Since Christ entrusted the power to forgive sins to the Apostles and their successors, only a bishop or priest can hear confessions. Bishops and priests act in the person of Christ through the power of the Holy Spirit to grant the Father’s forgiveness (307). Bound to absolute secrecy, they listen attentively and help penitents open their hearts to the Lord’s mercy, amend their lives and grow in discipleship (309). A confessor can offer general absolution only “in cases of serious necessity” such as impending death or some grave emergency (311).

As the sacrament of penance brings about the forgiveness of our sins, we are reconciled with God and the Church. The eternal punishment due to mortal sin is remitted, and some of the temporal punishment due to sin is taken away. Temporal punishment is further remitted through prayers and good works to which indulgences are attached (312). This sacrament also brings us peace, serenity, joy and strength for living the Gospel.


We now turn to the second sacrament of healing: anointing of the sick. As he healed the sick, Jesus showed that he was ushering in the kingdom of God and its victory over sin, suffering and death.

The Church continues the Lord’s compassionate care for the sick and dying in many ways. In many parts of the world, the Church is the largest provider of medical services through its hospitals and clinics. Through anointing of the sick, celebrated only by a bishop or a priest, the Church ministers in the Lord’s name to those in danger of death or those who begin “to be in danger of death because of sickness or old age” (315-317). In the Latin rite, this sacrament is celebrated by anointing the sick person with oil on the forehead and hands. In all cases, a prayer accompanies the anointing (cf. James 5:14-15; Compendium, 318). If possible, the person suffering from serious illness should go to confession prior to being anointed (316).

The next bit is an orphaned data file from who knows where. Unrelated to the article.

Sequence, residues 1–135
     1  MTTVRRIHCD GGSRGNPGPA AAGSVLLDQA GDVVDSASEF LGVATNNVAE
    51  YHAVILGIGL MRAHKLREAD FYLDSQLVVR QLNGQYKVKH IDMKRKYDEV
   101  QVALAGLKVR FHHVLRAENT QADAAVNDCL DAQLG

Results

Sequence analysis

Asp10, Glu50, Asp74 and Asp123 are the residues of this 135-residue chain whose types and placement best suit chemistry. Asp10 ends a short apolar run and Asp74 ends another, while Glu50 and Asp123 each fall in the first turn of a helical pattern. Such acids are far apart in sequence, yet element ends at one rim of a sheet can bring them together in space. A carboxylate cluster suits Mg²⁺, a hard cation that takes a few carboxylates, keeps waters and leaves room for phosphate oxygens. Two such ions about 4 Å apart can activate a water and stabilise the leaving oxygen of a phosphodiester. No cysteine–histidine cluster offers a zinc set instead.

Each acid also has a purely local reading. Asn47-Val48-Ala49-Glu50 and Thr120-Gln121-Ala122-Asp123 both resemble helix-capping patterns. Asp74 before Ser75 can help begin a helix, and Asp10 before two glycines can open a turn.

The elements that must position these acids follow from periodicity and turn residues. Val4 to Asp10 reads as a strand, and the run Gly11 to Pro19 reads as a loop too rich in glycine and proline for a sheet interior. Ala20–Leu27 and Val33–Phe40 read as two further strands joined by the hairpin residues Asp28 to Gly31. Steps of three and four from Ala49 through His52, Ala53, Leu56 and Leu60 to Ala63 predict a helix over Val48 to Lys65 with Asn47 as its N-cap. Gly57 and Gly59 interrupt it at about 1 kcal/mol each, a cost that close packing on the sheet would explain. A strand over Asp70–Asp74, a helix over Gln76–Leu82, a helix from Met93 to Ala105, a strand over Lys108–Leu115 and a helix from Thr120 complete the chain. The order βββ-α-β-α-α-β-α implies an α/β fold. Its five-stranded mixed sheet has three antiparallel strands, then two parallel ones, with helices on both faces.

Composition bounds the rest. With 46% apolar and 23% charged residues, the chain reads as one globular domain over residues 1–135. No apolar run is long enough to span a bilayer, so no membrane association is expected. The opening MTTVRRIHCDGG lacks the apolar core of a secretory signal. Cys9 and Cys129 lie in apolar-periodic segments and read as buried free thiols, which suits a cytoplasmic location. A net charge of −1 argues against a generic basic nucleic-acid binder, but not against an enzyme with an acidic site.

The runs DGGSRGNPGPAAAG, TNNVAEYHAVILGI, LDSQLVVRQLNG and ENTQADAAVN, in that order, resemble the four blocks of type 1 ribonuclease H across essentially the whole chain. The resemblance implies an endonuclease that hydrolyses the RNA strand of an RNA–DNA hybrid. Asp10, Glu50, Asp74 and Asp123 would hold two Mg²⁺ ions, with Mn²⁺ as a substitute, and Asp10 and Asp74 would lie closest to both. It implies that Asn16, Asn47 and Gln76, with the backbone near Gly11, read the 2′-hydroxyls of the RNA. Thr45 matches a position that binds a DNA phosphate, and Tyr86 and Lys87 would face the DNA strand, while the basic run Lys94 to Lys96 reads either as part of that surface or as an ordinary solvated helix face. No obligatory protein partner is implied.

The sacrament of anointing unites the sick person more closely to the suffering, death and resurrection of Christ, and contributes to the salvation of the patient and to the good of the whole Church. This sacrament also provides comfort, consolation, serenity and courage to patients in their suffering. If the sick person is unable to go to confession, this sacrament brings about the forgiveness of sins. If it is God’s will, it can also restore a sick person to health. In every case, this sacrament prepares the recipient for everlasting life (319).

As we thank God for the gift of these two sacraments, may we pray for our own conversion and for the conversion of sinners everywhere. May we also pray for those who are seriously ill, especially those who have asked for our prayers.